Avatar Press likes to use variant covers to promote its series, particularly short-run limited series like Moore’s. Besides their artistic merit, several of these covers have more to say about the contents of the book than readers might think.
A rush of cool air greeted me; and though the day was one of the hottest of late June, I shivered as I crossed the threshold into a large apartment whose rich and tasteful decoration surprised me in this nest of squalor and seediness. A folding couch now filled its diurnal role of sofa, and the mahogany furniture, sumptuous hangings, old paintings, and mellow bookshelves all bespoke a gentleman’s study rather than a boarding-house bedroom. […] The figure before me was short but exquisitely proportioned, and clad in somewhat formal dress of perfect cut and fit. A high-bred face of masterful though not arrogant expression was adorned by a short iron-grey full beard, and an old-fashioned pince-nez shielded the full, dark eyes and surmounted an aquiline nose which gave a Moorish touch to a physiognomy otherwise dominantly Celtiberian. Thick, well-trimmed hair that argued the punctual calls of a barber was parted gracefully above a high forehead; and the whole picture was one of striking intelligence and superior blood and breeding.
The figure at the top of the stairs is Robert Suydam, who first appeared in Providence #2, based on Lovecraft’s character in “The Horror at Red Hook.” The door Suydam is looking through resembles the one to his cellar, though it may be a different door.
These folk say that on a table in a bare room on the ground floor are many peculiar bottles, in each a small piece of lead suspended pendulum-wise from a string. And they say that the Terrible Old Man talks to these bottles, addressing them by such names as Jack, Scar-Face, Long Tom, Spanish Joe, Peters, and Mate Ellis, and that whenever he speaks to a bottle the little lead pendulum within makes certain definite vibrations as if in answer. Those who have watched the tall, lean, Terrible Old Man in these peculiar conversations, do not watch him again.
The cover appears to depict Wilbur Whateley at the Miskatonic University Library, looking at the Necronomicon on display under glass (which likely owes itself more to the 1970 film The Dunwich Horror than Lovecraft’s short story).
The cover depicts the human form of Brown Jenkin from “The Dreams in the Witch House.”
The cover depicts Dr. Hector North, the equivalent to Herbert West from Lovecraft’s story “Herbert West-Reanimator.”
Ronald Underwood Pitman, the Providence analogue for Lovecraft’s Richard Upton Pickman, here shown painting a ghoul from life, based on the story “Pickman’s Model.”
It should be clearer when issue #8 comes out (likely April 2016) but this is perhaps Randolph Carter – see preview post.
The cover depicts Etienne Roulet who appears in Lovecraft’s “The Shunned House.” Roulet appears in Suydam’s pamphlet in Providence #2, as well as appearing in a portrait image on the wall during the Providence #6 rape scene, during which Roulet alternately possesses Elspeth Wade and Robert Black.
The book depicted is Hali’s Booke of the Wisdom of the Stars, the English translation version of Providence‘s Necronomicon analogue. According to Suydam’s pamphlet, Roulet was the first person to bring Hali’s Booke to America.
A scene from Japheth Colwen’s subterranean chambers, based on Lovecraft’s The Case of Charles Dexter Ward.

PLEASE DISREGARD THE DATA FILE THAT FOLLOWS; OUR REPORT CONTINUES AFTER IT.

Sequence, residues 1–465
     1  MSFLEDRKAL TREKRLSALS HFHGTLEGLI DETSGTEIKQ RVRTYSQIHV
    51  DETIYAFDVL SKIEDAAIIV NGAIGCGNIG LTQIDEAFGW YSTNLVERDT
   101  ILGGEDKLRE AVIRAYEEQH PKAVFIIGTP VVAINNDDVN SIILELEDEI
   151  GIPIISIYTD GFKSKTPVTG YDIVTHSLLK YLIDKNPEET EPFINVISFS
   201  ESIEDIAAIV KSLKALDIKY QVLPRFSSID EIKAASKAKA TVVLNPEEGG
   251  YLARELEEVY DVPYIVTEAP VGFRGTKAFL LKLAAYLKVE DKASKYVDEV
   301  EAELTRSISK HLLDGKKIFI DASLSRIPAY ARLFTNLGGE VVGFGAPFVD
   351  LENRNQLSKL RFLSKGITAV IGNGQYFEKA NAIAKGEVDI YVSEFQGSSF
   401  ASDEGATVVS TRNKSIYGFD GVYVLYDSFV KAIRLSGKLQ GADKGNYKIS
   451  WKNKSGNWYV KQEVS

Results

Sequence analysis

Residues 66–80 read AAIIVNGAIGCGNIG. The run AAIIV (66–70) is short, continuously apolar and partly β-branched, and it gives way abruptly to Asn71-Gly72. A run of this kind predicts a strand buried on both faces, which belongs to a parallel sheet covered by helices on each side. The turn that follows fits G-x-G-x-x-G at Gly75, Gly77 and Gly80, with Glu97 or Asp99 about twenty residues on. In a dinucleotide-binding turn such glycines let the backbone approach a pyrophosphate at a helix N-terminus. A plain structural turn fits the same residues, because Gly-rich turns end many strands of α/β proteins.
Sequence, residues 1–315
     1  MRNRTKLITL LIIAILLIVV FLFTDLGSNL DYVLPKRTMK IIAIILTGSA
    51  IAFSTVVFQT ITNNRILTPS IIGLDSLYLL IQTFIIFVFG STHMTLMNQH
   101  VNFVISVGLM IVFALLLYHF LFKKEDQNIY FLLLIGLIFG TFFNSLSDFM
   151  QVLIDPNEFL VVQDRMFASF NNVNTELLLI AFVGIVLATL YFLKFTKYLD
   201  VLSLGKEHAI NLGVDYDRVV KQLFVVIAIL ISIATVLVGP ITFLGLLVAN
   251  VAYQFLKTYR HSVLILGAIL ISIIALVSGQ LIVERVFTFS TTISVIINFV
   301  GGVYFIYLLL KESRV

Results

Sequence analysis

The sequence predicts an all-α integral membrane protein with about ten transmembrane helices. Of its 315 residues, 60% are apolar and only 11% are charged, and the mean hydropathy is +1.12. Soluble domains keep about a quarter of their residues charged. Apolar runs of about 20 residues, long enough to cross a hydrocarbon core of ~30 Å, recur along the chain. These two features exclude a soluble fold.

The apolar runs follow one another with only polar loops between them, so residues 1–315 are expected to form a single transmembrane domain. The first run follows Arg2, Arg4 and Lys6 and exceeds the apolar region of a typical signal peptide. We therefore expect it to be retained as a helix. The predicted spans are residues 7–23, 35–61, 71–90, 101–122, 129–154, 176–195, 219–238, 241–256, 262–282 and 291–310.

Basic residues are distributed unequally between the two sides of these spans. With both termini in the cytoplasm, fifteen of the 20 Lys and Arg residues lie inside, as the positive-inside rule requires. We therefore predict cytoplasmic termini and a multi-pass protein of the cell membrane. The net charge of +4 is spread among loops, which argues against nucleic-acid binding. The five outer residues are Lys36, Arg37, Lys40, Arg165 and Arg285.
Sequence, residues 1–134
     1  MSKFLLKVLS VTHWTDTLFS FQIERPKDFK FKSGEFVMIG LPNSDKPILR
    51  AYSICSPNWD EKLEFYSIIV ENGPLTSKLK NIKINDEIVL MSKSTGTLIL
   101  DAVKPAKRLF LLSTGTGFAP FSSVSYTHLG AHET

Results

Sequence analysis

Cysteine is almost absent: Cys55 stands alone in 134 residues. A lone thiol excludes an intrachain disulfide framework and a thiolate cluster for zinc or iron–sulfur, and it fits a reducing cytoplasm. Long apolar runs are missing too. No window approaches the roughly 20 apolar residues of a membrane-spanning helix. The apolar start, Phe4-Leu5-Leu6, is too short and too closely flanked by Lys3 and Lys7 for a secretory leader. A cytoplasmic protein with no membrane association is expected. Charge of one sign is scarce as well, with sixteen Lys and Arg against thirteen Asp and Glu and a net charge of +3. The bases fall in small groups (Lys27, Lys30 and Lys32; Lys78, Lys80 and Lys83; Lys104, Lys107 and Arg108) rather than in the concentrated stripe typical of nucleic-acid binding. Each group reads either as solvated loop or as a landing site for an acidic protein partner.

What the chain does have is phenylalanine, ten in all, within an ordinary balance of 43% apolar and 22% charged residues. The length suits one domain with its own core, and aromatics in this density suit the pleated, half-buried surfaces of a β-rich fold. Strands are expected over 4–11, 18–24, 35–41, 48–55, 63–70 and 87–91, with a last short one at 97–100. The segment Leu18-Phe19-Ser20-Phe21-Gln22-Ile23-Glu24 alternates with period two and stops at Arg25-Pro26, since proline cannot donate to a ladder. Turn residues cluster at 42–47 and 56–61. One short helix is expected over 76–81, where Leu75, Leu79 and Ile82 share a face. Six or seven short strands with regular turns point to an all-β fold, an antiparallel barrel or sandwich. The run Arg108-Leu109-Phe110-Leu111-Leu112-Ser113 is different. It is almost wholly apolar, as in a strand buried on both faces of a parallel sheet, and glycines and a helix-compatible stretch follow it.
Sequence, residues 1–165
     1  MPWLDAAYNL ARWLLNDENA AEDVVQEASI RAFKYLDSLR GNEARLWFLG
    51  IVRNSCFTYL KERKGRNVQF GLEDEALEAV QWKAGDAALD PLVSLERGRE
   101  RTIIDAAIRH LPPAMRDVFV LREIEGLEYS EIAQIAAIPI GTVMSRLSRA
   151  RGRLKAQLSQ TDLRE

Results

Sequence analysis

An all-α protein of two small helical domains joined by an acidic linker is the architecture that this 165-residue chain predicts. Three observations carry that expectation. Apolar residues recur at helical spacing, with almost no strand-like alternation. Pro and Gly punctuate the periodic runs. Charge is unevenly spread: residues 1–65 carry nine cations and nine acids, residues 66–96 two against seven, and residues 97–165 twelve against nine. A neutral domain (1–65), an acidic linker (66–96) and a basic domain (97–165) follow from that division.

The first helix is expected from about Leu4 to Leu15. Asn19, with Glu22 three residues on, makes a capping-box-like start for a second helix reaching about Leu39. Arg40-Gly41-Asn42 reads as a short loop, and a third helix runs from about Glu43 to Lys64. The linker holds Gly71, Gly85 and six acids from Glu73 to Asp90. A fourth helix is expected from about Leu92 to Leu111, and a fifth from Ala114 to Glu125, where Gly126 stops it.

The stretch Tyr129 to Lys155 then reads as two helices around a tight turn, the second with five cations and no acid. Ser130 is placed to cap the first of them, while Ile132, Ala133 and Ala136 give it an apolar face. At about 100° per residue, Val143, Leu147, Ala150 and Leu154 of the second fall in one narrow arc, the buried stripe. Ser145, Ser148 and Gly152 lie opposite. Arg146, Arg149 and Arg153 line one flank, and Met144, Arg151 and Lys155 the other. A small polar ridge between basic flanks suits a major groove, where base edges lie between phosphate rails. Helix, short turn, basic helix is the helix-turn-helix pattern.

The subject is, of course, Providence protagonist Robert Black. The location looks like New York City, so it is likely a flashback to before issue #1. The hands in the foreground likely belong to Jonathan/Lillian “Lily” Russell, who appears in Providence #1, P1,p1. The book Sous Le Monde is Providence’s invented analogue for the fictional play The King in Yellow – see issue #1 annotations P3,p2.
The cover depicts H.P. Lovecraft, in front of his books. Commenter Sharkophagus suggests that this Lovecraft may be based upon a statue owned by Guillermo Del Toro.
The books depicted, where completely identifiable, are all known to have been in Lovecraft’s personal library, and published before 1919. In several cases, it is known when he acquired them, and this too is before 1919. Many of the volumes are listed in Lovecraft’s Library by S. T. Joshi. Titles include (thanks to many commenters for helping with this):
- Top shelf:
- “…gone … Tales” by ???
- “Gods of Pegana” by Lord Dunsany
- “Mary Shelley / Frankenstein”
- “The Last D…” (Possibly The Last Devil by Signe Toksvig?)
- “From the Earth to the Moon” by Jules Verne
- “The First Men in the Moon” – H.G. Wells
- “Ghost Stories of an Antiquary” – M.R. James
- “Oscar Wilde” (Title doesn’t seem to match any of his books that Lovecraft owned.)
- “The Y… of America” by Oglethorpe???
- Second Shelf:
- “The House of the Black Ring” by Fred Lewis Pattee
- something by Poe (Title doesn’t seem to match any of his books that Lovecraft owned.)
- “An Exchange of Souls” by Barry Pain
- “The Beetle” by Richard Marsh
- “Those Who Return” by Maurice Level
- “The Phantom Ship” by Captain Frederick Marryat
- “Lilith” by George MacDonald
- “The Old English Baron” by Clara Reeve
- “Beyond the Great South Wall” by Frank Savile
- Third Shelf:
- “The Fate of the [C…???]” by ???
- “The Grip of Fear” by Maurice Level
- “The Bright ???” by ???
- “The Human Chord” by Algernon Blackwood
- “The Star Rover” by Jack London
- Fourth Shelf:
- “Ghost Stories” by ???
- Two volumes of “[Colonial?] Rhode Island” by ???
- “In the Midst of Life” by Ambrose Bierce
- Bottom Shelf:
- something by Leonid Andreyev (Probably “The Seven That Were Hanged”)
- something by “Hawthorne”? (Probably “The House of the Seven Gables”)
- something by “Chambers”? (Probably “The King in Yellow”)
- “Vathek” by William Beckford
- “Visible and Invisible” by E.F. Benson